The first day of ‘Operation Recovery’ saw education officers making contact and engaging over 500 school children across the country, who were absent from the recent National Grade Six Assessment (NGSA) mock examination.
The goal is to reach out to every pupil who did not write the assessment.
The visits were conducted across 538 homes in Regions One, Two, Three, Four, Five, Six, Nine and Ten. Officers in Regions Seven and Eight are in the fields and have not yet submitted the requested data.
Some of the reasons for absenteeism included financial constraints, unstable families, illness, babysitting younger children, migration to the workforce and requirement of school supplies among others.
For those students, the Ministry of Education has undertaken to provide the required assistance and access to Welfare officers in some cases while those who were ill have since returned to the classrooms.
In other cases, a number of students have migrated, some have been transferred to other schools where they have written the National Grade Six Assessment (NGSA) mock examination and others are being home schooled.
In addition to locating the Grade Six pupils, the exercise is also finding other children who have not been attending school.
Minister of Education, Priya Manickchand, expressed gratitude to individuals, religious organisations, Non-Governmental Organisations and other bodies that have reached out to the ministry to help in achieving its goal of getting every student back into schools.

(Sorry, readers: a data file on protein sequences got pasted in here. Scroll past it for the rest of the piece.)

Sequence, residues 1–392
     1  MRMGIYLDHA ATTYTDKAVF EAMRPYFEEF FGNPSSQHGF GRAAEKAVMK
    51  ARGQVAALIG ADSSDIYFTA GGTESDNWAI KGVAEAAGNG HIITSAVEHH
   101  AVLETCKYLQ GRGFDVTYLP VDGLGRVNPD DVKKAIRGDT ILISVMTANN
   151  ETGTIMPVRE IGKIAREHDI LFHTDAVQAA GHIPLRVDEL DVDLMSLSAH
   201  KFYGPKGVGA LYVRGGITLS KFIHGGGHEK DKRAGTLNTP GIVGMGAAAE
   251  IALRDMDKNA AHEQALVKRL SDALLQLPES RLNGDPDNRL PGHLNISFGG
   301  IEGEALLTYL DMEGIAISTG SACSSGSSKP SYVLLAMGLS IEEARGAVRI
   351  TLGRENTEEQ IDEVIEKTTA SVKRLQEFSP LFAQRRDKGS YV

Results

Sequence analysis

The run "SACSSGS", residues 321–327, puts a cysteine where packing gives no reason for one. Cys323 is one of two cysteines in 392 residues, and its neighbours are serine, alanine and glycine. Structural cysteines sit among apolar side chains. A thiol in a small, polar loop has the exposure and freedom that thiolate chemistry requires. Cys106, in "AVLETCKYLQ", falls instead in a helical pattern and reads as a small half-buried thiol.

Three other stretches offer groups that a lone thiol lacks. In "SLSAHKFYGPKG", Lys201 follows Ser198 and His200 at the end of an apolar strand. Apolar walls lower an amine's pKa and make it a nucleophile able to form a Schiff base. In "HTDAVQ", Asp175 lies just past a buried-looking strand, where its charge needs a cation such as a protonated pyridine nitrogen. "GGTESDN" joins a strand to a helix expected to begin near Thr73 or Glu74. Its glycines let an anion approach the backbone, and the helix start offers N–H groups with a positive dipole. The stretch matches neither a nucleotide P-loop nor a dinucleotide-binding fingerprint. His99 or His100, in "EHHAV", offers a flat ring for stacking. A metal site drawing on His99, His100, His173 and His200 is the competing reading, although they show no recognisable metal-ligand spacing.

The minister noted that this will be an ongoing exercise and organized partnerships with said bodies are underway. The minister noted that as horrible as the COVID-19 pandemic has been it has also brought opportunities, one of which will be addressing the issue of drop outs that has dogged the system for many years.
Chief Education Officer Dr. Marcel Hutson noted that the initiative is important now since dropping out of school at such a young age can have lasting effects on student’s lives.
“Primary education is a fundamental level, that is an education that is a requirement by law and we want to ensure that we find our children so we’re doing everything within our power and we’re applying all of our resources, whether we have to use boats, whether we have to use ATVs, cars, whether we have to walk- sun or shine we’re going to find these children,” he said.
Further, he emphasized that the exercise does not seek to target parents but to provide remediation to those in need ahead of the NGSA in June.
“I just want parents to know that this is not an attack on parents, it is not an attack on anybody, we want to find out why they’re not in school and maybe what kind of help that they may need to get into the school system because we have to face that some people have serious problems because of the pandemic,” the CEO said.
In some regions, required assistance have already been provided to the parents to ensure that the students can restart school in the new week.
Operation Recovery is an ongoing process which will be extended to the other Grades as the Ministry of Education seeks to ensure every child is educated.
The ministry believes firmly that urgent, practical, sustained measures such as teaching and learning from a consolidated curriculum, the provision of textbooks, re-training of teachers, using technology in the classroom and Operation Recovery will mitigate against the expected drop outs and learning loss to our students and country that research and studies have predicted. (Ministry of Education press release)